How to Walk to the Top of Twin Peaks
Twin Peaks is the highest point in San Francisco with a view. Tall buildings with rooftop view areas have never really caught on in San Francisco, because Twin Peaks is much higher, and the view is much better! Twin Peaks is free, but you have to get there. If you have the time, one of the most enjoyable ways is to walk. If you follow roads the route is very long, but it is much shorter following stairways. Here is the shortest route from an accessible tourist area to the top.
It is easy to get to the intersection of Market and Castro Streets, so we will start our walking tour there. You can take the historic F-Market streetcar line from downtown or from Fisherman's Wharf to that intersection. It is the end of the F line. Or you can take the K, L, or M lines in the Muni subway under Market Street. Get off at Castro Station.
The intersection of Castro and Market is at less than 200 feet (60m) elevation. You will be climbing to 900 feet (270m). If you are not in top shape for hiking, plan to take it slow and stop to smell the flowers. You will pass a lot of them! This hike, one way, is under two miles (3km) in length, but it will seem longer than it is to inexperienced walkers, due to its elevation gain.
Walk south (downhill) on Castro Street. You'll pass the Castro Theater in the first block on your left. It is one of the few successful one-screen theaters left in the city. They've made it successful by screening a mix of eclectic films that attracts large crowds. A Wurlitzer organ is installed in the theater, and between the two main features each night, an organist plays to theater goers' delight.
The first two blocks of Castro are commercial, and quite touristy. They are the last commercial property you will pass. If you're a bit hungry, pick up a sandwich at the deli across the street from the Castro Theater. Or get a snack in any one of several nearby shops. Resist the temptation to eat now, and bring your lunch along. The ascent will be a lot more enjoyable if you don't have a full stomach. You can picnic at the top!
In one block you will come to 18th Street, and Castro begins to go uphill. To paraphrase the saying, "It's all uphill from here." Go one more block to 19th Street and turn right. The first street you come to is Collingwood, and just beyond it there's a school on the left side of 19th. Take a look at the school's ever-growing collection of murals. Some are painted, while others are made with glass fragments and cat-eye marbles. The murals celebrate the joys of reading, of math, and of other activities, and they are beautiful works.
Just past the school, turn left (south) on Diamond. Don't let the monstrous ascent ahead of you scare you, you will just be taking the long first block, which is the less steep of the two blocks you see.
At 20th Street, turn right and go west on 20th Street for two short blocks.
The street will appear to only turn right as it changes its name to Douglass. But Douglass also goes left, for pedestrians. See the stairway? Take it upward, and as you do, note the six story building on your left. Despite its number of floors, it has no internal stairways. Each level just comes out to rapidly rising Douglass Street, the stairway you are on.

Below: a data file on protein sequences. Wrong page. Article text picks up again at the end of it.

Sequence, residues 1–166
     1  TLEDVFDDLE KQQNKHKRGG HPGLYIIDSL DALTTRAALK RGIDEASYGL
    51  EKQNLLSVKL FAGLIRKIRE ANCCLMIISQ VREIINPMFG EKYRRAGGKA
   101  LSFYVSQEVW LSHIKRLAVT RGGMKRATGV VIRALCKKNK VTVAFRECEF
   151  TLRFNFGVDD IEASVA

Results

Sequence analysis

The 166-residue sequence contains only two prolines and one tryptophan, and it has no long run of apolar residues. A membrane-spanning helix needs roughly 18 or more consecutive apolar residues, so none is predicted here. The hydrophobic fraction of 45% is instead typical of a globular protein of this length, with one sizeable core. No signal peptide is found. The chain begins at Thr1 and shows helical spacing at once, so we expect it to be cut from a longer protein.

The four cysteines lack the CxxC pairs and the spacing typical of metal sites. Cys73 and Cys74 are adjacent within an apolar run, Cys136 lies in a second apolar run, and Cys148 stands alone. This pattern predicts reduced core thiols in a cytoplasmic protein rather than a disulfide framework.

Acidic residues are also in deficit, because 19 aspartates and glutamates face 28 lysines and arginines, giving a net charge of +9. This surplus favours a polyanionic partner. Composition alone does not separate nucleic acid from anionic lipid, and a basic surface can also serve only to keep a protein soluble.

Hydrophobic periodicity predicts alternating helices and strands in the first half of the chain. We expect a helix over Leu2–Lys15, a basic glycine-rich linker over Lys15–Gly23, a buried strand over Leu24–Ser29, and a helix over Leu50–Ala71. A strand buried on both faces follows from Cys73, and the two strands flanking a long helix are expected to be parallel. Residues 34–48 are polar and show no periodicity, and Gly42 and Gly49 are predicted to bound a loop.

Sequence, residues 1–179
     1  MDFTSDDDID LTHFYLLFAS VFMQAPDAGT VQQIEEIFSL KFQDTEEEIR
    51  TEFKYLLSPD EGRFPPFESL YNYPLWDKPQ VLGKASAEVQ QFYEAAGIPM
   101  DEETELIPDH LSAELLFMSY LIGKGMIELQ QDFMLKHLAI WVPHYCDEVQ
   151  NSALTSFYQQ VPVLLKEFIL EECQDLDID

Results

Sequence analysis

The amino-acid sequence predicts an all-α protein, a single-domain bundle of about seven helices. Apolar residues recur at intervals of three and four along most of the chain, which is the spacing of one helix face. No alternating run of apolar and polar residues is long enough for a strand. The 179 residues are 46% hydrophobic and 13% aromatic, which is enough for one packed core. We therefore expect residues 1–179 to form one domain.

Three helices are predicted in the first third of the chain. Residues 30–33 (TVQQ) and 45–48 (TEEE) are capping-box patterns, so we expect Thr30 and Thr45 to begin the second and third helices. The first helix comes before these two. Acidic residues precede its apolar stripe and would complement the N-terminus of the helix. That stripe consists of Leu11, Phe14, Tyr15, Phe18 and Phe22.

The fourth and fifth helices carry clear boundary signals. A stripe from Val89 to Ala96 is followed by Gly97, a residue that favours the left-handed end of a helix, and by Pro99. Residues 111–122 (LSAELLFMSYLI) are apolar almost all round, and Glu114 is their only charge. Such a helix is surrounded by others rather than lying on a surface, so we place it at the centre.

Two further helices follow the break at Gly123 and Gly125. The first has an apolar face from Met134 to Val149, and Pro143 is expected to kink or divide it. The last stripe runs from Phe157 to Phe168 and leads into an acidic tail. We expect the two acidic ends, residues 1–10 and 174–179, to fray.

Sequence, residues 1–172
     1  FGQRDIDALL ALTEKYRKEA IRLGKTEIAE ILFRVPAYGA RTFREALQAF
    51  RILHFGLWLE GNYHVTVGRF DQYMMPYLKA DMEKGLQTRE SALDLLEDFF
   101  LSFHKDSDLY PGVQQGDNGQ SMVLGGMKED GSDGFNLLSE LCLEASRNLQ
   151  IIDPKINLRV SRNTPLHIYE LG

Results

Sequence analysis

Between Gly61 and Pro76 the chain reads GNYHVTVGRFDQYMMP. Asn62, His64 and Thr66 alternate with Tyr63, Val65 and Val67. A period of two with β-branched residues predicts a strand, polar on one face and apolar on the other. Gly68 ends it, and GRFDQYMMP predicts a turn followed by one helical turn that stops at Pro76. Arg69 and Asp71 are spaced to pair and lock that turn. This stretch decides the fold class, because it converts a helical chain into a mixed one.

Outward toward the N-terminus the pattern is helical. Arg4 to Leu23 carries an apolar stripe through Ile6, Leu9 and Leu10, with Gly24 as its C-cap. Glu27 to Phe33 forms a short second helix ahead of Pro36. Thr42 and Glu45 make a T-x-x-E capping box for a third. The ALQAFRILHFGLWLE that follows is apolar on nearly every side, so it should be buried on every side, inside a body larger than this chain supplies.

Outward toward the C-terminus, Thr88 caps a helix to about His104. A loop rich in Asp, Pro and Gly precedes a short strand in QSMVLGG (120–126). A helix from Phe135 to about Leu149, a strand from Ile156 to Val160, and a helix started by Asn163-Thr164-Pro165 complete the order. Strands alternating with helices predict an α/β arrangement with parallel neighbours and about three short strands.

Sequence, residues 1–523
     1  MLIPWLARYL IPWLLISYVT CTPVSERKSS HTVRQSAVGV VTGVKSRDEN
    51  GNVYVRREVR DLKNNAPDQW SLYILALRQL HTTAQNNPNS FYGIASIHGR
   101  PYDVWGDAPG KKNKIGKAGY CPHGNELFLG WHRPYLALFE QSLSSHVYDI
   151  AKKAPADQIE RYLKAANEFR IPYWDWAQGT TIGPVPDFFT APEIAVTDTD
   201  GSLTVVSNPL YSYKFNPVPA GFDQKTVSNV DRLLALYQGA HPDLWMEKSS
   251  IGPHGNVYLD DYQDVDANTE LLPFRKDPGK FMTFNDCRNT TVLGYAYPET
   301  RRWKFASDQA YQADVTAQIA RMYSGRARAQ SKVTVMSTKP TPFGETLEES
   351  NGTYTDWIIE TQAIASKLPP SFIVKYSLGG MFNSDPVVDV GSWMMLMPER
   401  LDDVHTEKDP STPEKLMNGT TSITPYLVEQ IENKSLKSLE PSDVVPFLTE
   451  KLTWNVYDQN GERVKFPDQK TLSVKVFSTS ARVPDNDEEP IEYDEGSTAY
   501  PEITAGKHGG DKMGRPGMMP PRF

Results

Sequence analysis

At the top of the stair, cross the narrow street that you find there making a curve. Take a short stair flight up to the corner of the house you see there, and go to the left. You will be walking south on Douglass now, but about 15 feet above the level of the street.
Very quickly you will come to Romain Street. Turn right on it and follow it for its entire three block length. Between the second and third blocks, you'll be taking a spiraling pedestrian overpass to get you over Market Street. The way you came from Castro and Market to here was shorter than following Market, by the way, because Market meanders. Enjoy the flowers on Romain Street! Its final block is particularly colorful, with many owners decorating their front yards with gardens of flowers.
When Romain ends, turn left (south) on Corbett Street. Above you on the right is the Rooftop School. After the school you'll pass a half dozen or so residential buildings, and then you'll come to Hopkins Street. It's only one short block long, but what a block! Turn right onto Hopkins, and look back as you climb. Imagine losing your brakes on this street, and then imagine living in the gray house at the bottom of the hill at 881 Corbett Street. Twice this house has been smashed into by runaway cars, and in one instance the car went clear through the house with its hood protruding through the wall on the back side. You can imagine what happened after that - a major remodel followed.
At the top of Hopkins you will see a stairway but don't take that one. Look off to your left, down Burnett Street and spot a stairway at the bend. Take that one.